# Galasso Schankerman (2010) - Patent Thickets Courts And The Market For Innovation

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## Contents

## Reference

- Galasso, A. and Schankerman, M. (2010), "Patent thickets, courts, and the market for innovation", The RAND journal of economics, Vol.41, No.3, pp.472--503

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## File(s)

## Abstract

We study how fragmentation of patent rights (?patent thickets?) and the formation of the Court of Appeal for the Federal Circuit (CAFC) affected the duration of patent disputes, and thus the speed of technology diffusion through licensing. We develop a model of patent litigation which predicts faster settlement agreements when patent rights are fragmented and when there is less uncertainty about court outcomes, as was associated with the ?pro-patent shift? of the CAFC. The model also predicts that the impact of fragmentation on settlement duration should be smaller under the CAFC. We confirm these predictions empirically using a dataset that covers nearly all patent suits in U.S. federal district courts during the period 1975-2000. Finally, we analyze how fragmentation affects total settlement delay, taking into account both reduction in duration per dispute and the increase in the number of required patent negotiations associated with patent thickets.

## Model

Variables:

- [math]V\;[/math] is the revenue of the licensee if he uses all [math]n\;[/math] patents

- [math]\theta\;[/math] is a measures of complementarity:

- [math]\theta = \begin{cases} 0 &\mbox{if perfect complements} \\ 1 &\mbox{if equally contributing} \\ \frac{n}{m} &\mbox{if perfect substitutes} \end{cases} \;[/math]

- [math]\frac{m}{n}\theta V\;[/math] is the revenue of the licensee if he uses [math]m \lt n\;[/math] patents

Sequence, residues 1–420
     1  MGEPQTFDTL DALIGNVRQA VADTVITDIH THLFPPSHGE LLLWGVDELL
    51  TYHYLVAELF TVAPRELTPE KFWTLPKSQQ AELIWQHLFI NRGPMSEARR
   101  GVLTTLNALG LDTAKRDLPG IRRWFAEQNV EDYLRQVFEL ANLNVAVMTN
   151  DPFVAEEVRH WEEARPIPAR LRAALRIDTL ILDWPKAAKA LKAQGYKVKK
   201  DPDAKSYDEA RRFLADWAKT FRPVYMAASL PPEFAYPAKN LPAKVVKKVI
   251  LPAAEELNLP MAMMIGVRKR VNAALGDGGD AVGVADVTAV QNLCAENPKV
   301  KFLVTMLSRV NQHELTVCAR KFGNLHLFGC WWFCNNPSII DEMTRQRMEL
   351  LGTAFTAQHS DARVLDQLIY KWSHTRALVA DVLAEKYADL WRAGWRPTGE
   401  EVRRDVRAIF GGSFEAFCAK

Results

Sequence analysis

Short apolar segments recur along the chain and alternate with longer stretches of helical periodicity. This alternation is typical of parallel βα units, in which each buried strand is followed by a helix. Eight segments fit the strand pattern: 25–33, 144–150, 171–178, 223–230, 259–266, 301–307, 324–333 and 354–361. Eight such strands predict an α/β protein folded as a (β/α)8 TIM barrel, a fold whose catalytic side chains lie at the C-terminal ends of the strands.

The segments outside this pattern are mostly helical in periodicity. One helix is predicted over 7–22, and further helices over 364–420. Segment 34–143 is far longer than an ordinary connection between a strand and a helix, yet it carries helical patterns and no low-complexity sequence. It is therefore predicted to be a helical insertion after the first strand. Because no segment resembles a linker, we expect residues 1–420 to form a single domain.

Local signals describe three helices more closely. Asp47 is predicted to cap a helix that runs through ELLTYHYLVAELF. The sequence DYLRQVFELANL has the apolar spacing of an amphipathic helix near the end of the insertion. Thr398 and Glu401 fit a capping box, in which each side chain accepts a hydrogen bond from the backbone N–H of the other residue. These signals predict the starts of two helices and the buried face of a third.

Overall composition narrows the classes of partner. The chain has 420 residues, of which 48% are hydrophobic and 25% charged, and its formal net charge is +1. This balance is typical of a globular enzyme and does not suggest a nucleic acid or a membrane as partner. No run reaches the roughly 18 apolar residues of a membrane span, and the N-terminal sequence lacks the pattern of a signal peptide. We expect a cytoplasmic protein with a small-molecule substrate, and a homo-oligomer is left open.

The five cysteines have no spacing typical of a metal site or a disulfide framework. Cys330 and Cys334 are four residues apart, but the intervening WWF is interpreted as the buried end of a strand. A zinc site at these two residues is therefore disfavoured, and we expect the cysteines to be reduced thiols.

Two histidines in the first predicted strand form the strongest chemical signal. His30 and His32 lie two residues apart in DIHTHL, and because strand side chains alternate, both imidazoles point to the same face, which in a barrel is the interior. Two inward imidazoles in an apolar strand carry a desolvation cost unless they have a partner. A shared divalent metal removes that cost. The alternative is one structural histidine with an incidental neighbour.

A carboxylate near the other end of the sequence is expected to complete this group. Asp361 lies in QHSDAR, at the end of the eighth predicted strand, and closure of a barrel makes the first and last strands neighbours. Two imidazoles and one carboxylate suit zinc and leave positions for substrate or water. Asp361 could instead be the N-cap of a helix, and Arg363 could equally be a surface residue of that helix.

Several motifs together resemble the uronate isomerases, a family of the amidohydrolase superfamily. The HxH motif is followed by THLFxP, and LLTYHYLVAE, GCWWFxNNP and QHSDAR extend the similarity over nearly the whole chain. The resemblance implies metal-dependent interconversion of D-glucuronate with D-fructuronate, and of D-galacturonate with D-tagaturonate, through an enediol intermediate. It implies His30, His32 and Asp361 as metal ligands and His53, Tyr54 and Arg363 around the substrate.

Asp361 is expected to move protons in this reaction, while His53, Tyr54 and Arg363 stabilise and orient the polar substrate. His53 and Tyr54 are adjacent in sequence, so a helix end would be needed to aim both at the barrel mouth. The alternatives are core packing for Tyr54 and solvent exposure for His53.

- The negotiation value when the firm already has [math]m=n-1\;[/math] of the patents is:

- [math]z(n,\theta,V) = V - V\frac{n-1}{n}\theta\;[/math]

The set-up:

- Both the patentee and the infringer are risk neutral
- The infringer has private information and estimates that the patentee will prevail at trial with probability [math]p\;[/math]
- The patenteee doesn't know [math]p\;[/math] but knows [math]p \sim U[0,1]\;[/math]
- At [math]T=0\;[/math] the patentee makes a TIOLI settlement offer to the infringer. If the infringer accepts the game ends.
- If the offer is rejected, at [math]T=1\;[/math] there is a trial. The parties incur costs [math]L_p\;[/math] and [math]L_i\;[/math]. If the infringer is found liable the court awards damages of [math]z\;[/math]. The paper says that this is consistent with the Unjust Enrichment doctrine.

By backwards induction:

An infringer of type [math]p\;[/math] would accept a settlement of [math]S\;[/math] only if:

- [math]S \le p z + L_i\;[/math]

- [math]\therefore p \ge \frac{S-L}{z}\;[/math]

The patentee's optimization problem is to maximize his expected profit by choosing a cutoff [math]p^*\;[/math] (such that above this cut-off the infringer accepts):

- [math]\max_p \pi = \int_p^1 (pz + L_i) dy + \int_0^p yz - L_p dy\;[/math]

Letting [math]L = L_i + L_p\;[/math]:

- [math]p^* = 1 - \frac{L}{z}\;[/math]

The expected length of a dispute is then [math]\mathbb{E}(t^*) = p^*\;[/math].

## Review

### Measures of Patent Thicket

Two measures of the fragmentation of patent rights faced by the infringer related to the litigated technology class are defined.

- (1) Fragmentation of patent ownership among the top 4 firms in a technology class associated with citations of the infringer's patents is calculated as follows:
- The share of citations by the infringer's patents in the litigated technology class to patents in each of the 417 technology classes over a 10-year window (5 years before and after the observation date) is calculated;
- The share of patents held by the top 4 patentees in each of these technology classes over the same 10-year window is also calculated;
- Fragmentation is then: one minus the product of these two shares summed over all technology classes.
- A separate indicator variable is also defined to identify infringers that have no patent in the technology class of the litigated patent (25% of infringers).

- (2) Fragmentation in assignees for the patents cited by the infringer's patents in the litigated USPTO technology class is calculated as follows:
- First, the share of citations by the infringer's patents in the litigated technology class to distinct assignees is calculated over a 10-year window (5 years before and after the observation date);
- Then, following Ziedonis (2004), framentation is defined as: 1 minus the sum of squared assignee citation shares, (also multiplied by a bias correction to correct for sample size, N/(N-1)).